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  • 1. Option D: Evolution IB Biology HL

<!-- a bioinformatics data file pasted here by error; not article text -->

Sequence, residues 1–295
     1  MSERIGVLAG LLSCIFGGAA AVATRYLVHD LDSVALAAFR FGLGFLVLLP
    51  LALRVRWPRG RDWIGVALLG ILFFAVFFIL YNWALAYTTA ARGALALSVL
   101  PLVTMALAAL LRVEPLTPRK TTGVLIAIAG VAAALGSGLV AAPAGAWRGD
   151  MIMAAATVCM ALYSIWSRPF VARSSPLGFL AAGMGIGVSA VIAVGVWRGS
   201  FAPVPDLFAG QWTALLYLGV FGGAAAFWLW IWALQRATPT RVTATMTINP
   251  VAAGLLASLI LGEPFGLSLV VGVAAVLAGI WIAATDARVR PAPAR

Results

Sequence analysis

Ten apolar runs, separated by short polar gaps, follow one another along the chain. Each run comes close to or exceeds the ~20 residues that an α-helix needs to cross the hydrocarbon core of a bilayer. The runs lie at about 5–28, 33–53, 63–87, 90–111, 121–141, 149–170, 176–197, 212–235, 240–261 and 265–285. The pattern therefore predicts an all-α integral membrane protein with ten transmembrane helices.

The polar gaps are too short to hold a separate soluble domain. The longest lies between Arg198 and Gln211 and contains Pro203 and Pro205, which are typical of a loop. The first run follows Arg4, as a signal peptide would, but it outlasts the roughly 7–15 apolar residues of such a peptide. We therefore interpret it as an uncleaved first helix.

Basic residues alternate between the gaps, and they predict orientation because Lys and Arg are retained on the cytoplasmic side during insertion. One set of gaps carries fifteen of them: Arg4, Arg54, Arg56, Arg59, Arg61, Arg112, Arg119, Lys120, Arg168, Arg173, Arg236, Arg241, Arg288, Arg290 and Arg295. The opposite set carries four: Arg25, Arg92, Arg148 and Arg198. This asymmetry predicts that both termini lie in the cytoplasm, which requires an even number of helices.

2. Outline of Option D D.1 Origin of Life on Earth Physical conditions Miller and Ureys experiments Role of RNA Origin of prokaryotes Origin of eukaryotes (endosymbiosis) D.2 Origin of Species Lamarck and acquired characters Darwin-Wallace theory and natural selection Other theories and evidence D.3 Evidence for Evolution Geographical distribution Fossils and dating Biochemical evidence Homologous structures D.4 Human Evolution Classification Physical features of primates Fossil evidence Ecological pressures Bipedalism and brain size Genetic vs. cultural evolution D.5 Neo-Darwinism Mutations and examples Recombination Adaptations Speciation and isolation Gradualism Punctuated equilibrium D.6 The Hardy-Weinberg Principle Calculation of allele, genotype, and phenotype frequencies Conditions of HW equilibrium 3. D.1 Origin of Life on Earth 4. D.1.1 Outline the conditions of pre-biotic Earth, including high temperature, lightning, UV light penetration and a reducing atmosphere The Earth formed about 4.6 bya Collisions of material (comets and meteorites) led to the formation of the planet As the mass increased, gravity and radioactive decay caused the formation of the dense metal core surrounded by the liquid mantle and topped with the solid crust Cooling of the crust led to the formation of a very hot, dense, reducing atmosphere Pre-biotic Earth Reducing atmosphere No oxygen (O2) Reducing (hydrogen-containing) agents present hydrogen, water vapor, methane, ammonia, nitrogen, and hydrogen sulfide High temperatures High UV light levels Frequent lightning storms 5. D.1.2 Outline the experiments of Miller and Urey into the origin of organic compounds. Miller and Urey (1953) Simulated conditions of early Earth in order to determine whether chemical evolution could occur in primeval soup Sealed water, methane, ammonia, and hydrogen in sterile glass flasks connected by tubing One flask contained water and another contained a set of electrodes The water was heated to produce vapor and sparks were produced with the electrodes to simulate lightning The mixture was allowed to cool and condense and drip back into the first flask to simulate processes likely to have occurred on Earth This continued for one week, then M & U analyzed the contents to find: 13 amino acids present (of the 20 that occur naturally) High concentration of adenine 6. D.1.3 Discuss the hypothesis that the first catalysts responsible for polymerization reactions were clay minerals and RNA Miller and Ureys experiments provide a hypothesis for the origin of amino acids and nucleotides Subsequent experiments produced all 20 amino acids, nucleic acids, sugars, lipids, and nucleoside triphosphates from inorganic compounds How did the compounds combine to form larger polymers? RNA can act as both a form of genetic material and an enzyme Rybozymes are short sequences of RNA that can act as enzymes and are capable of Polymerizing nucleotides using ATP (and are thus capable of replication) Cleaving chemical bonds, including peptide bonds Ribosomes (composed of rRNA) are rybozymes Clay minerals RNA and other organic compounds adhered to clay particles Clay exists in very close layers, concentrating amino acids and other monomers in a small area Metal ions in the clay may have acted as catalysts for dehydration reactions Clays provide stable environments for polymerization D.1.4 Discuss the possible role of RNA as the first molecule capable of replicating 7. D.1.5 Discuss a possible origin of membranes and prokaryotic cells Origin of Membranes All cells are surrounded by membranes, and formation of these was critical in the development of the first cells Closed membrane vesicles can form spontaneously from lipids Due to structure and hydrophobic properties (think about a phospholipid) The first prokaryotes required a genetic mechanism and a membrane enclosure Origin of Prokaryotic Cells Coacervates are like little bundles of organic material surrounded by a hydrophobic layer Protobionts are groups of abiotically produced molecules Probably preceded by coacervates Surrounded by a protein membrane (can form bilayer in the presence of lipids) Maintain fairly constant internal environment Probably the predecessors for the first prokaryotes With RNA, these molecules could replicate and pass on their characteristics 8. D.1.6 Discuss the endosymbiotic theory for the origin of eukaryotes Anaerobic prokaryotes eventually developed chlorophyll and a simple form of photosynthesis, leading to the accumulation of oxygen in the atmosphere and aerobic life Reviewdifferences between prokaryotes and eukaryotes? Endosymbiotic theory: chloroplasts and mitochondria are derived from free-living prokaryotes that were engulfed by larger prokaryotes but survived inside the cytoplasm Mitochondria probably evolved from proteobacteria Chloroplasts probably evolved from cyanobacteria Evidence for endosymbiotic theory Both mitochondria and chloroplasts contain DNA that is different from nuclear DNA and similar to bacterial DNA Both are surrounded by double-membranes similar to prokaryotic membranes New organelles are formed by a process similar to binary fission Internal structure of chloroplasts similar to structure of cyanobacteria Analysis of nuclear DNA in plants suggests that some genes were incorporated from DNA of the chloroplast Ribosomes are found within mitochondria and chloroplasts and resemble bacterial ribosomes 9. Endosymbiosis 10. D.2 Origin of Species 11. D.2.1 Outline Lamarcks theory of evolution by the inheritance of acquired characteristics D.2.2 Discuss the mechanism of, and lack of evidence for, the inheritance of acquired characteristics Lamarck (1809) proposed a theory based on the inheritance of acquired characteristics Acquired characters are those that are acquired during an organisms lifetime For example, if muscles are used, they grow stronger Giraffe example: The ancestors of modern giraffes had short necks. According to Lamarks theory, the giraffes had to stretch up to the trees to reach their food, so their necks lengthened slightly. The next generation inherited the lengthened necks and stretched more. After many generations, long-necked giraffes came into existence. No significant cases of acquired characters have been found, and Lamarcks theory does not fit in with the principles of inheritanceno mechanism exists for the acquired character to cause a mutation in the gene controlling the trait 12. D.2.3 Explain the Darwin-Wallace theory of evolution by natural selection Darwin and Wallace proposed the theory of evolution by natural selection in 1858 Evolution is the accumulation of changes in the heritable characteristics of a population A series of observations and deductions led to the development of this theory Observation Deduction Populations tend to increase exponentially, but the number of individuals in a population remains nearly constant More offspring are produced than the environment can support; there is a struggle for existence in which some individuals survive and others die Living organisms vary; some individuals have characteristics that make them better adapted to their environment than others The better-adapted individuals tend to survive and reproduce more than less well-adapted individuals (this is natural selection) Much variation is heritable Better-adapted individuals pass on their characteristics to more offspring than less well-adapted individuals, causing the results of natural selection to accumulate. Over generations, the characteristics of the species gradually change (this is evolution) 13. D.2.4 Discuss other theories for the origin of species including special creation and panspermia D.2.5 Discuss the evidence for all these theories and the applicability of the scientific method for further investigation Other theories for the origin of species exist Spontaneous Generation Life arises from non-life Pasteurs experiments disproved theory Special creation God created life Panspermia Organic material arrived on Earth from space This theory has not been scientifically excluded In a 2001 study, experiments simulated interstellar dust clouds containing ammonia, CO2, and methanol mixed with ice crystals at low temperatures and high levels of UV Organic compounds were formed The scientific method cannot be used to test these Modern experiments will never determine with certainty what happened billions of years ago Experiments (such as Miller & Ureys) determine what is possible in conditions known to have existed 14. D.3 Evidence for Evolution 15. Types of Evidence There are three basic types of evidence for a common ancestor: Geographic Similar organisms exist in areas of the world known to have been connected by land at some point in the Earths history Biochemical Comparisons of DNA and amino acid sequences reveal similarities among all organisms Paleontological The fossil record provides information about organisms that lived in the pastsome of which are similar to modern organisms When all available evidence is compiled, phylogenies can be constructed. 16. D.3.1 Describe the evidence for evolution as shown by the geographical distribution of living organisms, including the distribution of placental, marsupial and monotreme mammals. 17. Evolution of monotremes, marsupials, and placental mammals The groups of mammals Monotremes Egg-laying mammals Examples: platypus and some anteaters Marsupials Young carried in pouch until fully developed Examples: kangaroo, koala Placental mammals Young carried in uterus until fully developed and nourished by placenta Examples: humans, dogs, horses Looking at the way in which continents have drifted over time and examining the fossils in them we can map out the de